There are a lot of cross-something or others zipping around these days:
and plenty o’ others.
So what is “cross-training” and why should you care?
Cross-training is simply working out your body in the same manner as your main sport does, but without doing your main sport.
The goal of cross-training is balancing out your muscles (and body) to improve your fitness in your main sport. It also helps to prevent repetitive use injury.
Repetitive use injuries happen when we constantly do the same motion over and over again.
Think “tennis elbow,” swinging a golf club, or one near and dear to my heart: Cycling.
Think of the number of revolutions your knees have gone through. Hundreds? Thousands? Millions of times? Yeah. That’s a lot of the same movement pattern which will lead to plenty of other issues if you always do the same thing.
Muscle imbalances are generated from well, a ton of things, but the problem with imbalances is that some muscles start to work harder than others which can lead to a host of other issues (hello knee pain, back pain, shoulder pain).
Cross-training, whether you’re a racer or simply enjoy riding your bike, benefits everyone. Here are some things you can do to balance out your body while also strengthening it:
1. Cross-Training: Weights
Cycling is a low impact sport and giving a quick glance to the men in The Tour it’s obvious. The men have large legs, sure, but they look a bit like Skeletor on their upper half.
It’s because they don’t weight train. There’s still this faux pas of weight training in cycling because of the whole “power to weight ratio.” Cyclists, stereotypically, want everything (including their bodies) to be light as possible but to be able to generate hundreds, if not thousands, watts of power.
The problem is that you can only gain so much muscle solely biking and that’s where weights come in, especially core. If you have a weak core, you’re going at a snail’s pace compared to the person who can hold a plank for five minutes.
If you think about the mechanics of cycling, you’re balancing on the bike. Your arms hold you up, your core keeps you balanced, and your legs propel you forward. If those muscles are weak, how do you think you’ll fare in a group ride, an organized ride, a gran fondo, or in a sprint finish?
Bottom line: weights make you a stronger cyclist.
2. Cross-Training: Yoga, stretching, and foam rolling
Let’s go back to those muscles who work harder than the freeloading muscles. How do you get that all balanced out and make those freeloaders start pulling their weight (pun intended)?
You find out which muscles are overactive (the ones working harder) and then identifying the underactive (freeloaders) muscles. Once those are identified, you want to start stretching and foam rolling the overactive muscles and work the underactive muscles. Meanwhile, doing a complete yoga routine will increase your overall flexibility, which again, will make you stronger on the bike.
I’m looking at you, desk workers. We’re the worst. Not only do we hold a sitting position while we bike, but our 9-5 jobs has us sitting for hours on end. Say hi to tight hip flexors.
Incorporating yoga, stretching, and foam rolling into your routine won’t just calm your mind but calm those angry, knotty muscles.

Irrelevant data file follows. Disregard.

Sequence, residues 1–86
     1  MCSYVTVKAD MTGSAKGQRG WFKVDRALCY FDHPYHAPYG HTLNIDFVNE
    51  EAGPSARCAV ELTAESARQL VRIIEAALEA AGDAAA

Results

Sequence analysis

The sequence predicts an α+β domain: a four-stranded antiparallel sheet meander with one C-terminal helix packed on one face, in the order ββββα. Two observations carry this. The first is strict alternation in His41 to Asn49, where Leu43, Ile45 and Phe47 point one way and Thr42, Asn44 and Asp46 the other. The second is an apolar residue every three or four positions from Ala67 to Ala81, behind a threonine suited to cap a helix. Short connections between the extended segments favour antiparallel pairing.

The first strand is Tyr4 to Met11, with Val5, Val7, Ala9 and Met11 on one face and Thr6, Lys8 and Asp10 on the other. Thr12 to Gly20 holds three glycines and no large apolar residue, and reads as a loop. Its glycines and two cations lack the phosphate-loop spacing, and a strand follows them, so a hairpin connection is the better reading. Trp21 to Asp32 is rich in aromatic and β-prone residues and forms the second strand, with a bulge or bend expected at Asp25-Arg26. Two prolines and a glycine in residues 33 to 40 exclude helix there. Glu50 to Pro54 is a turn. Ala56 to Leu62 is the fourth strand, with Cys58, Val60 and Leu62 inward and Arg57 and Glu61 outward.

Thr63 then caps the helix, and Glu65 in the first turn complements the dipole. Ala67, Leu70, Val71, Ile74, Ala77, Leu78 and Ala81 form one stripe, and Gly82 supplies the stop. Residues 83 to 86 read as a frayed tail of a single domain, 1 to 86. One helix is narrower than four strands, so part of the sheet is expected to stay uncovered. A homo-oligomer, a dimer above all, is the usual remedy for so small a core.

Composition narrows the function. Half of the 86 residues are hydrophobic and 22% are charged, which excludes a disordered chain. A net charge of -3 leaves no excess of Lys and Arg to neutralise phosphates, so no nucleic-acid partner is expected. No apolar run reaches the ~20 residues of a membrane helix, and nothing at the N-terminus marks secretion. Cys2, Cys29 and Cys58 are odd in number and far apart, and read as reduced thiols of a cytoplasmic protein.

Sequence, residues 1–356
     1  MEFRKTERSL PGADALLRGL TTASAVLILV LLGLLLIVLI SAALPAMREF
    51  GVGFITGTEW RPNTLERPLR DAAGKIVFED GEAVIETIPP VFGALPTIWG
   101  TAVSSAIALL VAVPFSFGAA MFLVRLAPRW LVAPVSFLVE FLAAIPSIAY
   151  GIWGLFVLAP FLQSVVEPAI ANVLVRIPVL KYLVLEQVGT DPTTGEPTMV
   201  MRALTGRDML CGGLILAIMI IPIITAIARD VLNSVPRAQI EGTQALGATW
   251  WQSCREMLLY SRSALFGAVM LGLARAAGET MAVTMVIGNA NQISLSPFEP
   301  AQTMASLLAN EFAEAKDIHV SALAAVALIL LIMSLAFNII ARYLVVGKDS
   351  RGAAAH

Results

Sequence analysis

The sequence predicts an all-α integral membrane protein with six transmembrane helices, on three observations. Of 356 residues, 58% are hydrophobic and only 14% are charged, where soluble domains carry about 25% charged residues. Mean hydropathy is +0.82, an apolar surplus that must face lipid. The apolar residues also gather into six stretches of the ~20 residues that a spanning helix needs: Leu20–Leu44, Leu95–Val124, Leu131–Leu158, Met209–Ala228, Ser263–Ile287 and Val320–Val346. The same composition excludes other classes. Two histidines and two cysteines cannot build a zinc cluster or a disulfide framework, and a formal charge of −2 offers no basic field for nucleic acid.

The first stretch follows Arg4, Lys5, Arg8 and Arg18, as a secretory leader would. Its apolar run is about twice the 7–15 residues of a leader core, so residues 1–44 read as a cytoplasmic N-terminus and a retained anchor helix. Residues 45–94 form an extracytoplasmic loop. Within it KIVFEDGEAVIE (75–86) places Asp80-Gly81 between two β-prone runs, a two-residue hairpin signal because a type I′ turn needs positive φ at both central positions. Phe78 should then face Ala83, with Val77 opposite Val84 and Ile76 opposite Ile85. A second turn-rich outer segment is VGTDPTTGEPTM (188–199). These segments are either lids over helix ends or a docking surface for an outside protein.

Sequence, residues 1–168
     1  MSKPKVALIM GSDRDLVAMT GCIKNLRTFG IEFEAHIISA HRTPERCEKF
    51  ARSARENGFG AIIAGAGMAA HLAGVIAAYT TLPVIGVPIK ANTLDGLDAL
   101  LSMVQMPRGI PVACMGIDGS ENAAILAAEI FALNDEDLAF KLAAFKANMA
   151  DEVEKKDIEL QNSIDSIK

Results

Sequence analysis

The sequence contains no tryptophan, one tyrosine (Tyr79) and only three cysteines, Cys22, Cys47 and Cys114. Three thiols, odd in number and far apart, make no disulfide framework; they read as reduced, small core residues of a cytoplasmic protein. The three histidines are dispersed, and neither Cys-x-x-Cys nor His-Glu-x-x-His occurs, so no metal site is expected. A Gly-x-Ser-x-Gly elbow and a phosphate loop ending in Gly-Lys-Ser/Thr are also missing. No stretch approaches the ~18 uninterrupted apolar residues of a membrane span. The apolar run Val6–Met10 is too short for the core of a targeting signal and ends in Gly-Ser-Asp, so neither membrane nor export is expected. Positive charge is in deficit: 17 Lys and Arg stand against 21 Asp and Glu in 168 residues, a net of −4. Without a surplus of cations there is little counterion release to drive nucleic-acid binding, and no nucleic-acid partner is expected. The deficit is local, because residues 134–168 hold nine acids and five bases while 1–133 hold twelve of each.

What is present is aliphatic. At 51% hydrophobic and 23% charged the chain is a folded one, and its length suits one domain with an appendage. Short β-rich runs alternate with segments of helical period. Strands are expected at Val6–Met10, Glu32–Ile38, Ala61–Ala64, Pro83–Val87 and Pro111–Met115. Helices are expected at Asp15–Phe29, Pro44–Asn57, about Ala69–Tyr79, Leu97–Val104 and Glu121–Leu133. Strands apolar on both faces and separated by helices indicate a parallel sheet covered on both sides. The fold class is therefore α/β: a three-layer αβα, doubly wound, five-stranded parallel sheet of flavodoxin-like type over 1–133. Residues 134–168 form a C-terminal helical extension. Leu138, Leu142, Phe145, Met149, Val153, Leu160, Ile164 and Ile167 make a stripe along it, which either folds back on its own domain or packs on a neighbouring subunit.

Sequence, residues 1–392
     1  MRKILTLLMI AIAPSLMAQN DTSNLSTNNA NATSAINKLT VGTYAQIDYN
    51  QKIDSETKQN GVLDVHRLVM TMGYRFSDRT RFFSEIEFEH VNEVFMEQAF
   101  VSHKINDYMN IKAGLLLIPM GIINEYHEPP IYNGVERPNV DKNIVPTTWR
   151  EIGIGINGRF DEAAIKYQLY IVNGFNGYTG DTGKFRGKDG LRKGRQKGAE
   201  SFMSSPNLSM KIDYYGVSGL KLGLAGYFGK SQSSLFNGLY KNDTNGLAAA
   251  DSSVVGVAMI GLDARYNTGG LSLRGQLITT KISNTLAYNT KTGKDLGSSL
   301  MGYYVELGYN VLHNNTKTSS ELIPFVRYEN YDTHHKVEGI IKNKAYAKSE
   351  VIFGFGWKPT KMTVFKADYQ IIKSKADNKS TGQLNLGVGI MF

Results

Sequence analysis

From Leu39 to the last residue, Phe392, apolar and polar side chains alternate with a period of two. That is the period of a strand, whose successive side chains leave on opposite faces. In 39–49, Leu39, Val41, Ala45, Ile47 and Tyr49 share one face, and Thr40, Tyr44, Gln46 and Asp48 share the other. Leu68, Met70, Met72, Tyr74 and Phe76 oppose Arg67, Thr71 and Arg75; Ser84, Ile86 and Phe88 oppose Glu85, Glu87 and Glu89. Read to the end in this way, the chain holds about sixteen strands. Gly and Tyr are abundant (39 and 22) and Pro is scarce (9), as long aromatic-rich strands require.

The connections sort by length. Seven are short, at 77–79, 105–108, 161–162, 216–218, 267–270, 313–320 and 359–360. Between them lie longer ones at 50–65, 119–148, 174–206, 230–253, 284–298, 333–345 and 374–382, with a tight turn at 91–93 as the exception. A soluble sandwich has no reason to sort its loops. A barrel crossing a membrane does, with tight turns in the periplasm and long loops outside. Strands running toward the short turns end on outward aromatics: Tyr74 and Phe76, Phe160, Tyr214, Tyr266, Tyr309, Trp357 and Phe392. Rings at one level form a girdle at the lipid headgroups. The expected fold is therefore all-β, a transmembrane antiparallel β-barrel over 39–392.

3. Cross-Training: Running
Yeah, yeah. I know. I say the same thing: “Why run when you have a bike?” I always think of The Walking Dead and if that were to happen to me, I’d run. I don’t have to be the fastest runner; I just have to be able to outrun the rest of my group.
Running actually provides some pretty decent benefits too.
First of all, it strengthens your lungs. The cool thing about that is when you’re on the bike, with running in your back pocket, you’ll have a higher lung capacity. Strong lungs means you’re kicking the pants off the other racers who aren’t running.
Running seems to burn more calories than cycling. Granted, it all depends on the kind of running and cycling you’re doing, but overall, it burns more calories. So if you’re goal is to increase your power-to-weight ratio or just drop a couple pounds, then this may be something to put on your training docket. But while you may be able to outrun zombies, you can’t outrun a bad diet.
Equally important if not more so than the previous reasons to take up running, is that running is a high impact activity, which means, it puts a lot of pressure on your body in general. Yeah, sure, your buddy’s knees hurt after they run. Well, it’s probably because they need better shoes or need to get their running form analyzed. Cycling, on the other hand, is low impact, which means there isn’t much pressure placed on our joints – minus maybe, our rears.
In all seriousness, cyclists can lose bone density if all they ever do is bike. Look at our buddy Chris Froome. He may be winning The Tour de France, but he’s losing bone density. Your bones need to be strong to keep your body up.
Weak bones means you don’t have that structure in place to hold you up from falling down.
4. Cross-Training: Having Fun
It’s not a real training regimen or workout, but seriously, let’s get less serious. While road and mountain bike racing have officially hit “off-season,” cross has only just begun. If you participate in all these disciplines, then you don’t have much a break – mental or physical. For those of us who like to ride for fun or participate in organized rides during the summer, maybe you don’t need to totally lay off the bike, but definitely change up the routine and try something you’ve never done before. Rock climbing? Sure! Snowboarding? Bring it on! How about a hike or simply taking a day off to relax.
Taking time off the bike and focusing your attention on other endeavors will make you that much more stronger (mentally and hopefully physically) when you jump back on the saddle.